When it was time to upgrade my work laptop to a newer Linux distribution some months ago, I decided to install Kubuntu 6.06. I’ve been using the “Dapper Drake” release on my web servers for more than half a year now and never had any problems. The combination of Debian tools and Ubuntu application repositories is awesome.
When I realized on Friday that some applications only come in packages for newer Ubuntu versions, I decided to ditch the Long Term Support release and try to upgrade to Kubuntu “Edgy Eft” 6.10. At first, I wasn’t sure if I’d regret starting an upgrade on an Friday afternoon, but soon gave in to the challenge.
Having a really big pipe at work has its advantages. After issuing the
apt-get dist-upgrade, it took exactly 3 minutes and 31 seconds to download the 1002MB of upgrade packages. Installing them took about an hour and went without a flaw, but when the system finally rebooted, I got a mild shock that my encrypted home volume (that I didn’t take the time to backup, of course) didn’t get mounted. A little web search revealed that the kernel options “quiet” and “splash” prevented the passphrase necessary to decrypt the data from being displayed. Removing both options from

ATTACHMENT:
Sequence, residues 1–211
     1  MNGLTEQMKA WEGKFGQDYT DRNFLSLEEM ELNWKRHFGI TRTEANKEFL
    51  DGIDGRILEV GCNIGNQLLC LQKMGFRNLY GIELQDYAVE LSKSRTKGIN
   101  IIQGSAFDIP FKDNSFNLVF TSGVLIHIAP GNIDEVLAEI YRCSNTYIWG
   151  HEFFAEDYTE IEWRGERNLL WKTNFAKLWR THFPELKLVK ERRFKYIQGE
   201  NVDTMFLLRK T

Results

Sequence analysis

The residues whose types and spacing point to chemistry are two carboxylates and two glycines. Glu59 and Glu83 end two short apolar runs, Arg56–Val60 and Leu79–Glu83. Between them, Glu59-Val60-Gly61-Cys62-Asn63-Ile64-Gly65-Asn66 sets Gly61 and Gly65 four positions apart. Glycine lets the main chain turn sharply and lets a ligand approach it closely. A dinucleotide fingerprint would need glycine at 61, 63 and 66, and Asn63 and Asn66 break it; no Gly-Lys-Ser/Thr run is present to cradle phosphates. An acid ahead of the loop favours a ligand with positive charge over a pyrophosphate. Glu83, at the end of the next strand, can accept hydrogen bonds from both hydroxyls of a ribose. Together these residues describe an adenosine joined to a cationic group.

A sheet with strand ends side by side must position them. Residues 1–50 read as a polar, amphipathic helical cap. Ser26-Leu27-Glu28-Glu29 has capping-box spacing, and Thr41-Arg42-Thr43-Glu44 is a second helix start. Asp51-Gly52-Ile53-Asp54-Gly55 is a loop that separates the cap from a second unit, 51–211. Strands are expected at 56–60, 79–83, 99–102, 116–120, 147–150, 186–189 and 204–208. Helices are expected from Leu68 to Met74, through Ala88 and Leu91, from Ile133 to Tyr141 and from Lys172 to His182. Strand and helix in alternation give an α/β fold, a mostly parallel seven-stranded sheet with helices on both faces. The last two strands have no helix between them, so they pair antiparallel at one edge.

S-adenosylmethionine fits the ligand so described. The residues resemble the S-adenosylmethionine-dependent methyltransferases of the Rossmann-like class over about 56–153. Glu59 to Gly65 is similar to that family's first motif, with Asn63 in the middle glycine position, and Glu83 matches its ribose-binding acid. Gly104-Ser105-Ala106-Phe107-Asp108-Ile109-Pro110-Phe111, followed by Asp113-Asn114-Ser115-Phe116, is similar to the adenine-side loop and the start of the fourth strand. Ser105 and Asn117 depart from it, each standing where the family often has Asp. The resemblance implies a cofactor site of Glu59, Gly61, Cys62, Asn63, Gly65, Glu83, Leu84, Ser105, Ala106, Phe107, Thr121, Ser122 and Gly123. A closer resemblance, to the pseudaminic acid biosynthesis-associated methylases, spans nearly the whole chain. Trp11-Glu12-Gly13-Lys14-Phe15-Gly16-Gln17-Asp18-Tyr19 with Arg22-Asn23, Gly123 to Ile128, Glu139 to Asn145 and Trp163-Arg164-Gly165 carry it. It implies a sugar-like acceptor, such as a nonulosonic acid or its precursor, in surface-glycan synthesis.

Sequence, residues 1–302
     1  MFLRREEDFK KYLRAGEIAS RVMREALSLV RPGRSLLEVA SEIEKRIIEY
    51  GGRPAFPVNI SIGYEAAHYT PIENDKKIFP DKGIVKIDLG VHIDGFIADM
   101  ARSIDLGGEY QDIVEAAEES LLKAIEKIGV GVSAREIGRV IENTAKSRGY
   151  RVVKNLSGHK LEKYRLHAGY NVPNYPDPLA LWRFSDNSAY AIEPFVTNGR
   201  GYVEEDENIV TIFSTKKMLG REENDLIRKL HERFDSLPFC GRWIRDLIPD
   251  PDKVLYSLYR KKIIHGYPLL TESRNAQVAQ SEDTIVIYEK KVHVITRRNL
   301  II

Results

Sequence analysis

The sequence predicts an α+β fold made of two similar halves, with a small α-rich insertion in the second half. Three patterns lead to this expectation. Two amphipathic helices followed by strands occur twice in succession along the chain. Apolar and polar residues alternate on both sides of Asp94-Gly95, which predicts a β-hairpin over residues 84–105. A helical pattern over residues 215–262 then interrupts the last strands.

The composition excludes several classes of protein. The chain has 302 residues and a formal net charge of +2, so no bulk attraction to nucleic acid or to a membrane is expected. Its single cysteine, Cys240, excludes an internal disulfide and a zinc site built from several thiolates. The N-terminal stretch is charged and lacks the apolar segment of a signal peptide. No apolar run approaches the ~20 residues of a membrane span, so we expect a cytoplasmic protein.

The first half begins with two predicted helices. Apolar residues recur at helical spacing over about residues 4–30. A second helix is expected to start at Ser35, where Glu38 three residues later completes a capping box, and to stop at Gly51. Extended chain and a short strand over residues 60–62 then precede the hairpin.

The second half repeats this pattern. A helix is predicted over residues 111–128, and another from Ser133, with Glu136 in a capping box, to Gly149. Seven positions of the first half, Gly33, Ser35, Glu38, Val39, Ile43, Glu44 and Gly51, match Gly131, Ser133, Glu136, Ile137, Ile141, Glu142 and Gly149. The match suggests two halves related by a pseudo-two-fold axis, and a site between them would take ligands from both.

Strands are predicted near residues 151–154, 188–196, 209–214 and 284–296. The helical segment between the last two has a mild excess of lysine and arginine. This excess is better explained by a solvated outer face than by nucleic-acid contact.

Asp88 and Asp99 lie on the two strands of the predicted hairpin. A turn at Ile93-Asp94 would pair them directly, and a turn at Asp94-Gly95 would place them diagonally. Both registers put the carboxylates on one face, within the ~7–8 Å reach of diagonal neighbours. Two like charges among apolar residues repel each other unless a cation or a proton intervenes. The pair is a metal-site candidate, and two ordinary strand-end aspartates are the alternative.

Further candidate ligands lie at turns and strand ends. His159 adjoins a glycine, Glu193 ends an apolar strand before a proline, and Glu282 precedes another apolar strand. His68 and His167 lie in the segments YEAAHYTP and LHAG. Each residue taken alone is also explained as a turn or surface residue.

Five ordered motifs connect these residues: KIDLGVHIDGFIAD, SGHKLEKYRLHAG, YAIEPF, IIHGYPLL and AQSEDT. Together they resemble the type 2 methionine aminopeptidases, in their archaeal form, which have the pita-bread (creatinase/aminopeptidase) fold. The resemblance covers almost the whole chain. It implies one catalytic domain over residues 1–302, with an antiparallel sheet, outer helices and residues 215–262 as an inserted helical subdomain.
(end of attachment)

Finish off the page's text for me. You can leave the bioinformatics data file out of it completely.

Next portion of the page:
/boot/grub/menu.lst took away the pretty boot splash screen but the problem, too.
My desktop looks a a whole lot more shiny now. I could finally install Firefox 2 from the official repositories, and when it first encountered a Flash applet, I was surprised to be able to download and activate the plugin successfully with just one mouse click. I was used to having to do a manual download and installation. As easily, I replaced GAIM with its successor Pidgin, so my online life has an up-to-date foundation again. WiFi and Bluetooth continued working without a change.
This upgrade went even faster and more smoothly than I had expected. You just have to love Ubuntu Linux. Knowing myself, it probably won’t be long until I make the next step up to “Feisty Fawn”.